For example we know that automobiles use fissile fuels very inefficiently. Any major savings in this area could release enough resources to other worthy causes. The problem today is not that we are consuming more, but that we are consuming more things that are inefficiently produced and function inefficiently.

And although there is always some redundancy in a system, whether it’s an open biological system or a man made system inefficiency goes beyond the necessary redundancy. Consider this mental experiment; let’s say we want some chocolates. We can buy a box with eight chocolates in it, twelve or a whopping 36 chocolates. An example of redundancy would be buying the twelve chocolate box and you eat only ten; an inefficient purchase would be buying the 36 chocolate box and only eating twelve of them. Maybe this is a bad example because someone who is prepared to throw away twenty four pieces of chocolates need their head examined. But you get the point.

In fact many ideologies do not address this point of efficiency. For example all this cheap but useless stuff coming mainly from the orient today, no doubt tomorrow it will be another region, is an example of inefficiency. What’s the point buying a very cheap shirt for three Euros if it comes apart as soon as one puts it on? Of course, inefficiency is not only the domain of the Orient, European and American governments are masters in this practice: defense research that comes to nothing, event halls that cost millions that are not fit for purpose, mountains of wasted food, and so on.

Although I am very critical of anarchism we have to agree that this set of ideologies has highlighted in a forceful way the importance of the individual, the excesses of state power and even the need to cooperate. Of course, their methodology might not always be the best possible option or even an option in the first place.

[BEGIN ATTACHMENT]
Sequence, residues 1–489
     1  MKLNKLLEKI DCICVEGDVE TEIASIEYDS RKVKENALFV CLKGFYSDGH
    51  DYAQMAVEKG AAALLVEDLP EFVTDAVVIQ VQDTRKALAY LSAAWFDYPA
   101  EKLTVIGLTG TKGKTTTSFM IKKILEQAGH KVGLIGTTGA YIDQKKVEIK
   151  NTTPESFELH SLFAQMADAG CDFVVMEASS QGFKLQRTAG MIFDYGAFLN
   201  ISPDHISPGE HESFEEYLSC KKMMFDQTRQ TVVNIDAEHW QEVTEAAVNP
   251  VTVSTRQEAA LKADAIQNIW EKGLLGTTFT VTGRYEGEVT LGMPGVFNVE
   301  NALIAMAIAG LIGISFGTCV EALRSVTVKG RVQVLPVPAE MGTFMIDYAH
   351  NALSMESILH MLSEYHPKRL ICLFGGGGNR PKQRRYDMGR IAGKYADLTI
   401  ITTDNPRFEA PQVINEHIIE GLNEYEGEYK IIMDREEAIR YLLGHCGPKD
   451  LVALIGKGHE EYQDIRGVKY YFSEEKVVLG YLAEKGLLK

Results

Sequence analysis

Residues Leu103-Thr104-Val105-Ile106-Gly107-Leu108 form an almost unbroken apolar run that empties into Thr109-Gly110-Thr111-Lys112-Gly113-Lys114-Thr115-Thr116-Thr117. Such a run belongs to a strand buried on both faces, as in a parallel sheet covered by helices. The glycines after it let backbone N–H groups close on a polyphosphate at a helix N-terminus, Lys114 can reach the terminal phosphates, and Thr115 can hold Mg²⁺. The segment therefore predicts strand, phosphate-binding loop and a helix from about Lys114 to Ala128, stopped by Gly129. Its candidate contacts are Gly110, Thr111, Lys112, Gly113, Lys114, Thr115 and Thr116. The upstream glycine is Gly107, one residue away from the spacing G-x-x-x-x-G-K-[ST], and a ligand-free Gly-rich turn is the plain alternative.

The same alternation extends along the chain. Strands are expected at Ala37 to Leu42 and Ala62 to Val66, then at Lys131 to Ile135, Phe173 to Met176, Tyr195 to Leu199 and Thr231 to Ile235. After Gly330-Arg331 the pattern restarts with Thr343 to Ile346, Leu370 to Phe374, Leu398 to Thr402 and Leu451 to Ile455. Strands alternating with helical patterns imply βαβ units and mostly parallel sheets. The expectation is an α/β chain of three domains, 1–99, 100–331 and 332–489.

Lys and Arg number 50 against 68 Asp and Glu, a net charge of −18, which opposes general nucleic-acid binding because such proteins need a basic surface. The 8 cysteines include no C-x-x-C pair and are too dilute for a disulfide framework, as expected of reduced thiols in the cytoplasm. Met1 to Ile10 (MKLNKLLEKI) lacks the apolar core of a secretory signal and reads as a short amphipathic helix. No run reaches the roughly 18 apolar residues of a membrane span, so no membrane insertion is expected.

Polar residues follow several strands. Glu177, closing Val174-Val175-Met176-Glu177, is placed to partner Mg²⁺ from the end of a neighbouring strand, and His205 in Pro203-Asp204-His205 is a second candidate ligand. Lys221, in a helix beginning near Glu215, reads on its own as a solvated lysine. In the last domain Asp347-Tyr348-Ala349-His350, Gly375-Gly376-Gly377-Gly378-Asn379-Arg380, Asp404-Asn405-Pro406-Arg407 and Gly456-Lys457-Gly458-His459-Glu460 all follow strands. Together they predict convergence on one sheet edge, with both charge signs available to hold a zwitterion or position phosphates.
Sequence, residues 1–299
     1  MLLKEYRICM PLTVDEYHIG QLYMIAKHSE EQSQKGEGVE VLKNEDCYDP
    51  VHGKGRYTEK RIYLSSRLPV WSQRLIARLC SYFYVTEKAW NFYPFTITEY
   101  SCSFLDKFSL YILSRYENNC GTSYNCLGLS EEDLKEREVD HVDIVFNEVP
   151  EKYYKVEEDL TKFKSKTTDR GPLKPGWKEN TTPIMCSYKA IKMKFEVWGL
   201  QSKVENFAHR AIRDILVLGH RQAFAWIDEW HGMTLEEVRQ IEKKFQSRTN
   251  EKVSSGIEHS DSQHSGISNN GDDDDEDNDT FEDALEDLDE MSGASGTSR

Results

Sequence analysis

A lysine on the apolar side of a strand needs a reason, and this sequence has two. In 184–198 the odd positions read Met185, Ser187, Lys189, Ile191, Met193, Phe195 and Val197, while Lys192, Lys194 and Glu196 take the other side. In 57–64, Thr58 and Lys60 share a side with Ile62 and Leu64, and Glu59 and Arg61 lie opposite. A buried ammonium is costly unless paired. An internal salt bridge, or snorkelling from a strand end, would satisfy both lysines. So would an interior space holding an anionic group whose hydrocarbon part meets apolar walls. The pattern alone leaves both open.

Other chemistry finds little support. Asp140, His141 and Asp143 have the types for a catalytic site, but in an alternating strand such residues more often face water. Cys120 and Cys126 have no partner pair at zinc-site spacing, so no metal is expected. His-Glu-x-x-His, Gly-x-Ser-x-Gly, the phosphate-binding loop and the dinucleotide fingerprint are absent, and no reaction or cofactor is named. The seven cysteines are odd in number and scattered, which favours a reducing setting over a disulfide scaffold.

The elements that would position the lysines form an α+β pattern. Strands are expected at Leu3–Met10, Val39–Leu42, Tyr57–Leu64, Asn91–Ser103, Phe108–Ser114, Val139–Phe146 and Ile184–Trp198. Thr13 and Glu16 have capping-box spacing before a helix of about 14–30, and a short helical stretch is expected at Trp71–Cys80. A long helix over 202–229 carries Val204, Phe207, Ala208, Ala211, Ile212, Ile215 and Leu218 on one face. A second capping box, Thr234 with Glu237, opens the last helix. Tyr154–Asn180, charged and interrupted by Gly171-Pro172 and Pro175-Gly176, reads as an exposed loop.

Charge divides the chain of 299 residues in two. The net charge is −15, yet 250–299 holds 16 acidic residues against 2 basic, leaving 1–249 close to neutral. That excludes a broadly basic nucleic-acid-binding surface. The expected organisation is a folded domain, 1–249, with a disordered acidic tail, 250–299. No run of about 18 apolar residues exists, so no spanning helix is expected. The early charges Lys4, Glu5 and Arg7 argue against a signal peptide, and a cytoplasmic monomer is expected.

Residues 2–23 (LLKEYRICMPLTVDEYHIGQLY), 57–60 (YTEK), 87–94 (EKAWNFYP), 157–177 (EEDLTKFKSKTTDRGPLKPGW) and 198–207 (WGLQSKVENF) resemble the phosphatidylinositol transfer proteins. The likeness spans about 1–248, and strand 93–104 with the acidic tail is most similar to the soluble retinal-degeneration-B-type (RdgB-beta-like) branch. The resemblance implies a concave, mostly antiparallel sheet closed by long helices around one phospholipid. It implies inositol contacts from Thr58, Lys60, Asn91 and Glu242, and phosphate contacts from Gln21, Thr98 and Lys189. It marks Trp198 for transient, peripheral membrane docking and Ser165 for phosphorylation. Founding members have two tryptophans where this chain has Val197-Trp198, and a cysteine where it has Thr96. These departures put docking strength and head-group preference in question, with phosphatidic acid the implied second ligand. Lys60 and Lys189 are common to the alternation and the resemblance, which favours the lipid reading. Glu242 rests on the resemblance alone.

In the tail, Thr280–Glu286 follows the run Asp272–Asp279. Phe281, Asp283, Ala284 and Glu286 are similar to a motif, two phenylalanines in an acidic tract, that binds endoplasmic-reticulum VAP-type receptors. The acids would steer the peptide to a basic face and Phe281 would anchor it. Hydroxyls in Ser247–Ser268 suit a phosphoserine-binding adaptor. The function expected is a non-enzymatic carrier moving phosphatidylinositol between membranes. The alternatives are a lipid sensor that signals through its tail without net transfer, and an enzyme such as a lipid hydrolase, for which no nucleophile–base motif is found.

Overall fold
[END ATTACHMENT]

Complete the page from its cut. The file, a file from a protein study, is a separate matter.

Let me conclude with an example of what I mean. Take the ultimate expression of individualist anarchism, free love which is a “…….sexual freedom as a clear, direct expression of an individual's self-ownership.” (Wikipedia) Even if for the time being we do not consider the issue of how to get a prospective lover to say yes, something which the anarchists have failed miserably, why is it that today we do live in a world were free love is practically du jour?

It certainly did not come from ignoring the state or religion, although there was some of that, and certainly not from nationalizing the contraceptive industry. Free love is possible today because it was finally recognized that sexual matters were private and affected both men and women, and secondly by having the intellectual ability (epistemic resources) to create contraceptives and antiviral drugs.

Of course, we’ve known all this for quite some time now, but evolution is slow and cumbersome at the best of times, even if it is the only option we have. After all it was some two thousand years ago that Jesus Christ, in his usual succinct and clear way, thought us the principle, “Render unto Caesar the things which are Caesar’s, and unto God the things that are God’s” (Wikipedia) But it is only now that we can openly talk about separating the state from religion.

Maybe it is about time that we started to think of the principle, “Render unto the Individual the things which are the Individual’s, and unto Caesar the things that are Caesar’s.”

Take care


from Lawrence, Pub Philosophy Group, Sunday meeting: Anarchism, Is it the right system? + Message from Milton